A bunion is a boney prominence on the inside of the foot behind the big toe. Contrary to popular belief, it is not an abnormal growth but rather the first metatarsal head protruding out away from the other metatarsals. There are five metatarsals in the foot, one behind each of the toes. Normally they are all fairly close together but as a bunion forms, the first metatarsal drifts away from the other metatarsals so that the head of the metatarsal sticks out on the side of the foot. As this happens, the tendons that attach to the big toe pull it over toward the second toe. Now the joint is misaligned and eventually becomes painful. This occurs gradually over a period of years. Bunions are usually hereditary although the condition can be aggravated by high heeled and narrow toed shoes. Women are much more likely to be troubled with bunions than men.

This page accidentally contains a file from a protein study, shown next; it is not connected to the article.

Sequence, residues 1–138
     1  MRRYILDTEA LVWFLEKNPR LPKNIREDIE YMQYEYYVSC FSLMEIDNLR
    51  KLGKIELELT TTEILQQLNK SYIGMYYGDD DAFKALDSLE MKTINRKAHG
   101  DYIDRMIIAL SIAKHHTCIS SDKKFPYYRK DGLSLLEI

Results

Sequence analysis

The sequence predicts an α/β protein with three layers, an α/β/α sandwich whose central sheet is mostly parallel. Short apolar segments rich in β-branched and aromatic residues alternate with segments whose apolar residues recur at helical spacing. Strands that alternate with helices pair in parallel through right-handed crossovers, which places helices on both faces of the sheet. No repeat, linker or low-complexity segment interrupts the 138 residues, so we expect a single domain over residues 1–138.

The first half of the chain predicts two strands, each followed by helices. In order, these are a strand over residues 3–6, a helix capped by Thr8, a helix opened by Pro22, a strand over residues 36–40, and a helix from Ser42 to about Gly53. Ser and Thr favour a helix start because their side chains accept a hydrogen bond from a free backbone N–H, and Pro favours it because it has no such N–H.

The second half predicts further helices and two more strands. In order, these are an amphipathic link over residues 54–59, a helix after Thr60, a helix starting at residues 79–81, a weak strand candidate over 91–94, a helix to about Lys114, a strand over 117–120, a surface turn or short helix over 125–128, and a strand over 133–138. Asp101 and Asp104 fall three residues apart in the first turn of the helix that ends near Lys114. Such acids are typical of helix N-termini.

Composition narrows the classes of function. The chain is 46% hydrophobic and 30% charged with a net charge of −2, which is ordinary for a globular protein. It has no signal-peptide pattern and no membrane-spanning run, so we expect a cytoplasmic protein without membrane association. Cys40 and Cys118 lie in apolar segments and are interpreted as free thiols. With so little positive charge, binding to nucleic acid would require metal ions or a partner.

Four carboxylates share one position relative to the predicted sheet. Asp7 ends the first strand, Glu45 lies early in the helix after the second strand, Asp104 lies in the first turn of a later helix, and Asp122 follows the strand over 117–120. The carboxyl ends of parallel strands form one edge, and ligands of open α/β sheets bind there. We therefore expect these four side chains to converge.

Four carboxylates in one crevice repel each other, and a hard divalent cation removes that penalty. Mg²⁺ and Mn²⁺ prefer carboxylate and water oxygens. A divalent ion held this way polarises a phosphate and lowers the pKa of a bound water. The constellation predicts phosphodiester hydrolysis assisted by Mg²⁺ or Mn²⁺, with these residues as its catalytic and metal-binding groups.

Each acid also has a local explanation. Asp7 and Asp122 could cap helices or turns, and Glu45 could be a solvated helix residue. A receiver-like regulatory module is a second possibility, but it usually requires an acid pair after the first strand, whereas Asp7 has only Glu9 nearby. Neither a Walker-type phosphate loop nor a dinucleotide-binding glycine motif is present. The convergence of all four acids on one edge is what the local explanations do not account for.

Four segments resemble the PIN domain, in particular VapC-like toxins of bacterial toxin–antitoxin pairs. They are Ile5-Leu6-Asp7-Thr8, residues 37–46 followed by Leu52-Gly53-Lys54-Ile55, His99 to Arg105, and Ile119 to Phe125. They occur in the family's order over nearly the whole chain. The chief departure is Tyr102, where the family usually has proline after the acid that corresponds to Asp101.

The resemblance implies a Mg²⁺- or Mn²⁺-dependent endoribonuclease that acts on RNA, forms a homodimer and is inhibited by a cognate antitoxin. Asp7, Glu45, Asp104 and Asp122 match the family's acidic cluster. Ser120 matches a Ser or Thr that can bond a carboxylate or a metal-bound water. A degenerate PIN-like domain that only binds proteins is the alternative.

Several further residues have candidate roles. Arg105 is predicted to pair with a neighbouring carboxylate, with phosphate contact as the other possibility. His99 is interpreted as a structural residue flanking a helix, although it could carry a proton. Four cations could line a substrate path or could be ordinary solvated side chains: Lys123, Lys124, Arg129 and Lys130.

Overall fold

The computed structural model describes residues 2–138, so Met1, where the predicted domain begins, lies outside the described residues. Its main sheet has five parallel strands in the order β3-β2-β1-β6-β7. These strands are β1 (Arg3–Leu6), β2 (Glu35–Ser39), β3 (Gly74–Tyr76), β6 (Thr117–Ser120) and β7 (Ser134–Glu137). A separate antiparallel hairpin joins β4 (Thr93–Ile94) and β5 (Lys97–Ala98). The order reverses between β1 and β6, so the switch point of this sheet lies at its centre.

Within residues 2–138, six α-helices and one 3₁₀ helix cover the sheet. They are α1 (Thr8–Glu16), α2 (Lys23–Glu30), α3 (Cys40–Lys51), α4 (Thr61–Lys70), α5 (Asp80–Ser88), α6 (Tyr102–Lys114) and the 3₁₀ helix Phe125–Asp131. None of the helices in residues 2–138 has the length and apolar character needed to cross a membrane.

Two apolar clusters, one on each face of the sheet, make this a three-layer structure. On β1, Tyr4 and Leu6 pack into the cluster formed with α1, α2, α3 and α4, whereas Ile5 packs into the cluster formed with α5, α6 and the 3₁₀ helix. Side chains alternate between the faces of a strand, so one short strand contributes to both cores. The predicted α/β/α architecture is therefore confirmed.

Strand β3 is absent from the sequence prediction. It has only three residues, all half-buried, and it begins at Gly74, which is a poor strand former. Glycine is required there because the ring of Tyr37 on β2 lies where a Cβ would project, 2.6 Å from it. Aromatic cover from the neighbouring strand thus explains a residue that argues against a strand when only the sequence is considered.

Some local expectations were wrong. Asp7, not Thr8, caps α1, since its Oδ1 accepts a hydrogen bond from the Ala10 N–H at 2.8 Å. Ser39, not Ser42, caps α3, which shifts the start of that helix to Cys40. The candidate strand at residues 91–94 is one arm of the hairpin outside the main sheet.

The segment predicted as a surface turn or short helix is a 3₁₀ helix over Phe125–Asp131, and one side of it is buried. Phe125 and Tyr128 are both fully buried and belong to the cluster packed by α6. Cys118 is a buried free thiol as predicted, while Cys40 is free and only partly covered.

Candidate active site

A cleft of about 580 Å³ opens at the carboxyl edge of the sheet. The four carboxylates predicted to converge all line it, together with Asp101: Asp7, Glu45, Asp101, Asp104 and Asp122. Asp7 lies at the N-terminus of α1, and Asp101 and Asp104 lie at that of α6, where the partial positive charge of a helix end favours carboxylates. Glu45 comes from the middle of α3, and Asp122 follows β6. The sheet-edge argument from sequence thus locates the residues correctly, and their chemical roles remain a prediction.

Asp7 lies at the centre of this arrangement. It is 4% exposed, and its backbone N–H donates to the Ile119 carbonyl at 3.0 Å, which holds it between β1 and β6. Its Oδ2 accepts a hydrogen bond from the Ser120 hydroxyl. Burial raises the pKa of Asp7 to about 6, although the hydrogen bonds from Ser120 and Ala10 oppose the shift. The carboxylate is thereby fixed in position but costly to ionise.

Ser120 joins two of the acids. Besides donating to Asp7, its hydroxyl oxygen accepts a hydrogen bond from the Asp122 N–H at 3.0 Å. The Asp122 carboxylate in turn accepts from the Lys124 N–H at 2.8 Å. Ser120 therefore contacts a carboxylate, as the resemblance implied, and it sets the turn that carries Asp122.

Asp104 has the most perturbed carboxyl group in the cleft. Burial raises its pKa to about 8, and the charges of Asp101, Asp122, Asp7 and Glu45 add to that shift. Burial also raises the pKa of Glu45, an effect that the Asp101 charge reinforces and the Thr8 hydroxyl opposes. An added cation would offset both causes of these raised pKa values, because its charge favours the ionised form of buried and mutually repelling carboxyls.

Bunions cannot be corrected with braces or splints. To correct a bunion requires surgery. There have been great advances with these procedures in recent years. The surgery can be done on an out-patient basis and post-operative pain is usually much less than most patients anticipate.